Tracking expenses can feel like a full-time job, especially if your business requires daily purchases or frequent travel expenditures. But failing to track or inaccurately tracking expenses can lead to a host of problems
Without a clear view of costs, it becomes impossible to efficiently manage cash flow and prepare for the future. Further, valuable tax deductions are lost if you don’t accurately track expenses over the year.
Fortunately, the right tracking system can make a world of difference, and implementing one may be far simpler than it seems.
Whether you’re a sole proprietor or a business owner overseeing numerous employees, these tips can help you stay on top of mileage and other business expenses.
1. Separate your business and personal spending
The first step in accurate expense tracking is to limit your business spending to a specific business account. This means opening a business checking account and using it as the exclusive funding source for business purchases.
The same logic should be used when making purchases with a credit card — apply for and use a business card, not your personal credit card.
2. Use a designated checking account or credit card
In the past, business owners and consumers alike were often forced to keep meticulous logs in order to track spending. And while those logs are still an important piece of the puzzle, today’s online banking platforms often take away much of the manual labor.
In most cases, your online banking platform will provide you with all the pertinent info regarding transactions, including the amount, date, and the payee. Further, many banks and credit card companies allow online user to download an activity report, which can be used to further filter and record your expenses.
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3. Log info regularly
Whatever method you choose to implement, regularity is the key to success. For some, particularly those who rely on manual entry methods, a daily log will prove to be the most efficient way to keep track of expenses.
Others, however, may find that a weekly, bi-weekly, or monthly schedule is just as efficient. However, don’t wait too long. The longer the gap between spending and logging, the more likely you are to forget, lose, or omit vital information.
In your log, make sure to note the date, total amount, and nature of the purchase. Though these logs certainly don’t need to be super detailed, providing basic information will help you segment your expenses when it’s time to budget and provide documentation in the case of an audit.
4. Use an expense tracking app
While the good ol’ pen and paper combo, or even the note feature on a smartphone, can serve as an easy expense recording tool, there is certainly room for error. There are numerous apps that can help streamline and add integrity to the process, some of which even integrate with your accounting software.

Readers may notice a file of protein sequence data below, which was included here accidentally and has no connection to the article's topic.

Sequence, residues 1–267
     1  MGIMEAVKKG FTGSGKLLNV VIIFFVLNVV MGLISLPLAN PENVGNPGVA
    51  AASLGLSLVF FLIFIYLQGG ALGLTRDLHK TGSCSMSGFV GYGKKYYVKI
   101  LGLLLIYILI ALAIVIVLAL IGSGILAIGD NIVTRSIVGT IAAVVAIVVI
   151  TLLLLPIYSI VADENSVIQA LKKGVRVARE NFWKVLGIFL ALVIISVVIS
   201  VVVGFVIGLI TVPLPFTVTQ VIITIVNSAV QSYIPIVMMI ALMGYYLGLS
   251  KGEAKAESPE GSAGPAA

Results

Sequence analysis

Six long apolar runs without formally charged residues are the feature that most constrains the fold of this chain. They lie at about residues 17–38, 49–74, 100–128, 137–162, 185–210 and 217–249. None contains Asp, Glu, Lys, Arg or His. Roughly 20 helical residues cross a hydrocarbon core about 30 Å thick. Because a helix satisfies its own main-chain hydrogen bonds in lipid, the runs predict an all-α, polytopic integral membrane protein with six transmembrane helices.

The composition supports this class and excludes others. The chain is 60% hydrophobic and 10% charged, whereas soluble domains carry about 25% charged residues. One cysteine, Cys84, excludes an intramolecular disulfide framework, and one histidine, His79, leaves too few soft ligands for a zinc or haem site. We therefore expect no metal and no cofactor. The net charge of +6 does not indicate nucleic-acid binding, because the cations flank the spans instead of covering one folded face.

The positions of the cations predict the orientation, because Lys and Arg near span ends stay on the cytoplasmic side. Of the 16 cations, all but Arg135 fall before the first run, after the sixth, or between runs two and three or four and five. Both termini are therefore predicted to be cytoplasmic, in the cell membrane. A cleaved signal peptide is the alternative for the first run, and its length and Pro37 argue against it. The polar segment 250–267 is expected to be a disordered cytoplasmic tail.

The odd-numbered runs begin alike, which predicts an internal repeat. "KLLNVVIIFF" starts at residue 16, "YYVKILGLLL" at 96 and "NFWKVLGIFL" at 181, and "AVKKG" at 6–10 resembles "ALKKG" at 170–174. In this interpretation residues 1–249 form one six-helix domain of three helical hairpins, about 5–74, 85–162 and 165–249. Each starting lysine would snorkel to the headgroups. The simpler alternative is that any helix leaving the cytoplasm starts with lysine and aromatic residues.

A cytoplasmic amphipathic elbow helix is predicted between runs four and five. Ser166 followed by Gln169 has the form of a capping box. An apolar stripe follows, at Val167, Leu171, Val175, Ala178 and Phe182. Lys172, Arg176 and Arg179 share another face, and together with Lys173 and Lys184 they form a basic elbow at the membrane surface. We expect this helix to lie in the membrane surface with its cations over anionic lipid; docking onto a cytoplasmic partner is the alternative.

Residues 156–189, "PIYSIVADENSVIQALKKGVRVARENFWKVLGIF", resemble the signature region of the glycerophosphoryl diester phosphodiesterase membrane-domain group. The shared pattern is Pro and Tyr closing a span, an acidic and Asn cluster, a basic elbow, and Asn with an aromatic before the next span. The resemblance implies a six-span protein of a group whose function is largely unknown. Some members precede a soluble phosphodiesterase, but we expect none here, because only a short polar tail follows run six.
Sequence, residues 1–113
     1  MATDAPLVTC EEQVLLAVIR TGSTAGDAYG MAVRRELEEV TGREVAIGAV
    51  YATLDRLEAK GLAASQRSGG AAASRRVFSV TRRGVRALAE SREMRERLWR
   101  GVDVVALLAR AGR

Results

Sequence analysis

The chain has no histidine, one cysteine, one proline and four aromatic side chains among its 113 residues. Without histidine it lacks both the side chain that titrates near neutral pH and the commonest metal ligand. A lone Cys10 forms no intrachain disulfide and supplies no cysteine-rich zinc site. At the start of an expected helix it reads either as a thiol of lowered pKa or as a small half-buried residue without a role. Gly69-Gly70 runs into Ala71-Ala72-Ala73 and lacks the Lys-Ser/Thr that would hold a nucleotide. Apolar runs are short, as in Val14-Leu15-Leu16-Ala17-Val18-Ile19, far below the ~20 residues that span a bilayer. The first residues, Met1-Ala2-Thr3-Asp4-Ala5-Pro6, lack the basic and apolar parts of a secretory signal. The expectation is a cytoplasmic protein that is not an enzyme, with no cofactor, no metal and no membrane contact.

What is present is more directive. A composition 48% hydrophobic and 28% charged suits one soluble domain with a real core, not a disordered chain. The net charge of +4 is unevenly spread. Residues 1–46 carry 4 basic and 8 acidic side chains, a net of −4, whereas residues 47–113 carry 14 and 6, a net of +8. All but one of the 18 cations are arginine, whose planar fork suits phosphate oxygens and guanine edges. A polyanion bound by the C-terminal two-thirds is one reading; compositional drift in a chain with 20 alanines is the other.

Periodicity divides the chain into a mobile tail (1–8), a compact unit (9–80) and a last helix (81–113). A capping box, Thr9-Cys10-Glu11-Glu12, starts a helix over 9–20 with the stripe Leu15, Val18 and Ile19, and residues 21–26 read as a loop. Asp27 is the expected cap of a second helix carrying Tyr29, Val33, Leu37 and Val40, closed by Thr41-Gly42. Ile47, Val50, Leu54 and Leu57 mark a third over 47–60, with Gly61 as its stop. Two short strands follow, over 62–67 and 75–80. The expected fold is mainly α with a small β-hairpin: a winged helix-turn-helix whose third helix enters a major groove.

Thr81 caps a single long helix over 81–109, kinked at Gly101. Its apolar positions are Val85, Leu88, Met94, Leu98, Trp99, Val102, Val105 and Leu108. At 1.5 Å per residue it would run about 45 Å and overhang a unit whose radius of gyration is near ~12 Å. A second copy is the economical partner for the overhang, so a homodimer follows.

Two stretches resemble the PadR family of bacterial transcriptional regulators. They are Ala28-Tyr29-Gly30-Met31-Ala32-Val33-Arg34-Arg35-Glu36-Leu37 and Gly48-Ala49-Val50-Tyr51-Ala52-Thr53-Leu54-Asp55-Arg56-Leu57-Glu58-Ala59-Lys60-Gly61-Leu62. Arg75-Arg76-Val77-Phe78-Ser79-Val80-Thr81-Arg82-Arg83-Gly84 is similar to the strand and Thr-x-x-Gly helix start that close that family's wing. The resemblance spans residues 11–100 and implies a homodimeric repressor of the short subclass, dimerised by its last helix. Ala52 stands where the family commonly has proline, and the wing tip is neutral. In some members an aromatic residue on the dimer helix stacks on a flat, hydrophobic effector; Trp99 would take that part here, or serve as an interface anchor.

As you review your app options, it’s a good idea to take note of what type of expenses you can track. For example, Expensify and TripLog both allow you to track mileage and business expenses in one place, but that’s not always the case.
In addition, it’s also important to take note of any limits that make be in place. Some apps are free for a single user but require payment for more than one user. Similarly, other apps limit the total amount of expenses, employees, or vehicles you can track.
5. Have a clear expense tracking and submission policy
If you’re responsible for reimbursing employees for their expenses, it’s essential that you create a clearly defined expense submission policy. This should include things like mileage rates, an outline of acceptable expenses, and submission deadlines (e.g., within 5 business days of the purchase).
Further, it’s important that you specify what documents should be included. At the very least, you’ll want employees to save receipts and record mileage, where applicable.
6. Set limits
In reality, limits fall into the expense policy, but the notion is important enough to merit its own section.
If you’re reimbursing employees, it’s important to explicitly state any limits or spending criteria that will dictate reimbursement. By doing though, you can set behavioral expectations (e.g., no elaborate lunches) and maintain control of your operating budget.
For instance, you may want to set limits on how much an employee can spend on meals, what type of airfare you’ll reimburse (e.g., first class vs business class), or maximum hotel stay expenses.
7. Know what’s deductible
Since taxes represent a primary reason to practice regular expense tracking, it’s helpful to know what type of expenses you can and can’t deduct.
In general, the IRS states that business owners can deduct any expense that is “both ordinary and necessary.” Of course, it can be hard to determine exactly what that means. If you’re unsure if a business expense is considered ordinary and necessary, your best bet is to consult the IRS small business deductions page as well as your accountant.
As a business owner, tracking expenses can be a challenge, but doing so can make it easier to run your business and manage your finances. The tips above can help you create a strong process that can alleviate some of the pain points often associated with expense tracking.
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